An amphiphilic-DNA platform for the design of crystalline frameworks with programmable structure and functionality
Journal of the American Chemical Society
American Chemical Society (ACS)
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Brady, R., Brooks, N., Fodara, V., Cicuta, P., & Di Michele, L. (2018). An amphiphilic-DNA platform for the design of crystalline frameworks with programmable structure and functionality. Journal of the American Chemical Society https://doi.org/10.1021/jacs.8b09143
The reliable preparation of functional, ordered, nanostructured frameworks would be a game changer for many emerging technologies, from energy storage to nanomedicine. Underpinned by the excellent molecular recognition of nucleic acids, along with their facile synthesis and breadth of available functionalizations, DNA Nanotechnology is widely acknowledged as a prime route for the rational design of nanostructured materials. Yet, the preparation of crystalline DNA frameworks with programmable structure and functionality remains a challenge. Here we demonstrate the potential of simple amphiphilic DNA motifs, dubbed C-stars, as a versatile platform for the design of programmable DNA crystals. In contrast to all-DNA materials, in which structure depends on the precise molecular details of individual build-ing blocks, the self-assembly of C-stars is controlled uniquely by their topology and symmetry. Exploiting this robust self-assembly principle we design a range of topologically identical, but structurally and chemically distinct C-stars that following a one-pot reaction self- assemble into highly porous, functional, crystalline frameworks. Simple design variations allow us to fine-tune the lattice parameter and thus control the partitioning of macromolecules within the frameworks, embed responsive motifs that can induce isothermal disassembly, and include chemical moieties to capture target proteins specifically and reversibly.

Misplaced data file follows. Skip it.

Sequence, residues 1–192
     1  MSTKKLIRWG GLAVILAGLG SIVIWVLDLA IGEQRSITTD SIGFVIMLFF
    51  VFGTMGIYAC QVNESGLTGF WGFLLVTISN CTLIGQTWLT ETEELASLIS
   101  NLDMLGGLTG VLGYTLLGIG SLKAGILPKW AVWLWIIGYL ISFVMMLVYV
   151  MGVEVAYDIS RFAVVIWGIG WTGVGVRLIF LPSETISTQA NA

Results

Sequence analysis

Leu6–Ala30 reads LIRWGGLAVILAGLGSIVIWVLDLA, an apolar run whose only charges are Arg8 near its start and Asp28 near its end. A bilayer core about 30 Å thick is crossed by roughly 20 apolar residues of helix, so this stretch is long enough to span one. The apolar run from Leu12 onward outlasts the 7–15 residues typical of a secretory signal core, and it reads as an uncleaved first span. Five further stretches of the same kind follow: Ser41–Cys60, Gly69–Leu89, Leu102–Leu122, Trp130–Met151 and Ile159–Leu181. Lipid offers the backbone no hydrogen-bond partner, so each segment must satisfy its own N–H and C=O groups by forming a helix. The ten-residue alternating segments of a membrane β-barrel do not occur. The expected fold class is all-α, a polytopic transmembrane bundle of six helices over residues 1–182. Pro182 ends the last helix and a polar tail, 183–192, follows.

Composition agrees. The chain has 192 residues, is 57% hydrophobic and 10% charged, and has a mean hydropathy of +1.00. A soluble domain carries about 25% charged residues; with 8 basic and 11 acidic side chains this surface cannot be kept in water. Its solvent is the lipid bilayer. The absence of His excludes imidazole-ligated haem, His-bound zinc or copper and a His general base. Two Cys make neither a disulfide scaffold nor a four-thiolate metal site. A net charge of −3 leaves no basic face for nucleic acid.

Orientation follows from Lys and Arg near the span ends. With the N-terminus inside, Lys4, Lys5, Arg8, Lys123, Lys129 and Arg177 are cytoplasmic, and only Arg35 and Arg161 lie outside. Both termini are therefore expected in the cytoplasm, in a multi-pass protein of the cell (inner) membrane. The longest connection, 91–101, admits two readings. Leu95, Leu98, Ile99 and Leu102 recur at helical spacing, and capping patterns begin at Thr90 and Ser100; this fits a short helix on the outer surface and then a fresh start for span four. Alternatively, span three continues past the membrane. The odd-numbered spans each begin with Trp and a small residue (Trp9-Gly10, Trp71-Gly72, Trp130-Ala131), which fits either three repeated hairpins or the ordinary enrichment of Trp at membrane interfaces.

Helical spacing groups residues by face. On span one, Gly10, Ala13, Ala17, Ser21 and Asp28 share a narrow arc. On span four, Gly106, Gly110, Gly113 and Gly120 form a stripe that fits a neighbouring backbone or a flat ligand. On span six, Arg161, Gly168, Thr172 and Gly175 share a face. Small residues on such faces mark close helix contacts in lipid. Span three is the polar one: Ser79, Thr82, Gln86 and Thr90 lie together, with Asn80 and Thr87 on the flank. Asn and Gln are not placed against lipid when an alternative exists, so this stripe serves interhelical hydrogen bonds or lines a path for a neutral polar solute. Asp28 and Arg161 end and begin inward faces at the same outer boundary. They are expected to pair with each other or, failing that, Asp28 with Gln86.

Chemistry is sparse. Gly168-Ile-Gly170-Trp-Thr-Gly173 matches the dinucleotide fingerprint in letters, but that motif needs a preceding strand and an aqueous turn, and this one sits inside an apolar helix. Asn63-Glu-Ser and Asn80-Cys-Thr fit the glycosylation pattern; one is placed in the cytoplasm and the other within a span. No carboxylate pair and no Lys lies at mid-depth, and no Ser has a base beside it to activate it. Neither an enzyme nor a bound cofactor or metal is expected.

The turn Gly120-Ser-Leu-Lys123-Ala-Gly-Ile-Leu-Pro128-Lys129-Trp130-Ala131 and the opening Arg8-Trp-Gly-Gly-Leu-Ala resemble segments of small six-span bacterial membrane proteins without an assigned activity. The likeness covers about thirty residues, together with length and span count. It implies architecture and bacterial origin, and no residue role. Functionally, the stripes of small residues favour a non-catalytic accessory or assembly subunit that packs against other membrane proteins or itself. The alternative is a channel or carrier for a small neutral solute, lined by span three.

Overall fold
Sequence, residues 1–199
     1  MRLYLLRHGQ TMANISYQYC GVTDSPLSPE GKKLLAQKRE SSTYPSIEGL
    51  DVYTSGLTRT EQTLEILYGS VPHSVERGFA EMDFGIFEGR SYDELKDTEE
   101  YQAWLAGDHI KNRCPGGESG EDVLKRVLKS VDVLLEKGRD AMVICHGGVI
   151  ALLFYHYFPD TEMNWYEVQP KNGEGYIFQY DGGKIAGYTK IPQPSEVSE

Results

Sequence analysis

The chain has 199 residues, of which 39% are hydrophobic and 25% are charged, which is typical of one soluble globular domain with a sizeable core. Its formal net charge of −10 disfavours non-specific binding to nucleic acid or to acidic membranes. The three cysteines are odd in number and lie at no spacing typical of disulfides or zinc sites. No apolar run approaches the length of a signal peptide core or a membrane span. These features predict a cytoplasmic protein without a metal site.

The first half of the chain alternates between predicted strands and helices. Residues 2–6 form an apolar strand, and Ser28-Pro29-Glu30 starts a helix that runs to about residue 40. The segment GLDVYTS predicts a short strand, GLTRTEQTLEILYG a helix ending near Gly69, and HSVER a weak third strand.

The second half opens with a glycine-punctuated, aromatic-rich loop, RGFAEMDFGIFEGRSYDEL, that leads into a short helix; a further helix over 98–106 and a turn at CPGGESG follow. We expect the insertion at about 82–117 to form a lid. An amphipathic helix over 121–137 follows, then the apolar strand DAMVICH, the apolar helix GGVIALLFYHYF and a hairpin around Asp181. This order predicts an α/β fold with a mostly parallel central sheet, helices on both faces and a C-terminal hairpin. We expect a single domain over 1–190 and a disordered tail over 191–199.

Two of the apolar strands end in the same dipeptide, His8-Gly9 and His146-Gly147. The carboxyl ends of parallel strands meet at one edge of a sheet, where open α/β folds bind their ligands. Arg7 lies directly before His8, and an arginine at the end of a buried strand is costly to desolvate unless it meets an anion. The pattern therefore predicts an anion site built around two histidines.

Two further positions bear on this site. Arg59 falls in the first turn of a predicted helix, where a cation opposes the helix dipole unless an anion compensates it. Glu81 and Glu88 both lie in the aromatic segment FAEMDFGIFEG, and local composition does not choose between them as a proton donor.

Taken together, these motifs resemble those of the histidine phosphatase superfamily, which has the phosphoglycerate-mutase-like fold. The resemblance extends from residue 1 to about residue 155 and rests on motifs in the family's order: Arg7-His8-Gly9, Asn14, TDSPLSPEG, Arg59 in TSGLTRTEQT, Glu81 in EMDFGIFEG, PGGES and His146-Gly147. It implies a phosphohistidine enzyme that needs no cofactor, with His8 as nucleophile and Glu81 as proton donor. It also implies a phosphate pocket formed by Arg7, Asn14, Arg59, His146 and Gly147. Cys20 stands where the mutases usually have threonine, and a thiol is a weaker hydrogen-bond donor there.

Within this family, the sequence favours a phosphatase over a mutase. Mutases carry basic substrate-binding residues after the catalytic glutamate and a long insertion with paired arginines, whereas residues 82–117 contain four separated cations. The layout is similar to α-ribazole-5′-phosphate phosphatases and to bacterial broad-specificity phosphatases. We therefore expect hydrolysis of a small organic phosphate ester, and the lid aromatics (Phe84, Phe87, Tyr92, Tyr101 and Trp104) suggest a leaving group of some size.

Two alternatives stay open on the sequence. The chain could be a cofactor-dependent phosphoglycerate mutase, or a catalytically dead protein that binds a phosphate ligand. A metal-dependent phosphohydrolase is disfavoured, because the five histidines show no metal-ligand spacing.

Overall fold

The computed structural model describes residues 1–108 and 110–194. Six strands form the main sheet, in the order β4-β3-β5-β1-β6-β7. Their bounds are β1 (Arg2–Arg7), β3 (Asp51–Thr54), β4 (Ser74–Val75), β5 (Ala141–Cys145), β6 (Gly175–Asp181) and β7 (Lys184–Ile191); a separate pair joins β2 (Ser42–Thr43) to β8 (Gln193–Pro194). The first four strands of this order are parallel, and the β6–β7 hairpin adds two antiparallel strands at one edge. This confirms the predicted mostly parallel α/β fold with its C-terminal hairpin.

LDM, PC and NJB acknowledge support from the EPSRC Programme Grant CAPITALS number EP/J017566/1. LDM acknowledges support from the Leverhulme Trust and the Isaac Newton Trust through an Early Career Fellow- 9 ship (ECF-2015-494) and from the Royal Society through a University Research Fellowship (UF160152). RAB acknowledges support from the EPSRC CDT in Nanoscience and Nanotechnology (NanoDTC), grant number EP/L015978/1.
Leverhulme Trust (ECF-2015-494)
Isaac Newton Trust (MIN 1508(S))
Royal Society (UF160152)
Royal Society (RGF/R1/180043)
EPSRC (via Imperial College London) (CHIS_P39012)
Engineering and Physical Sciences Research Council (EP/L015978/1)
External DOI: https://doi.org/10.1021/jacs.8b09143
This record's URL: https://www.repository.cam.ac.uk/handle/1810/285953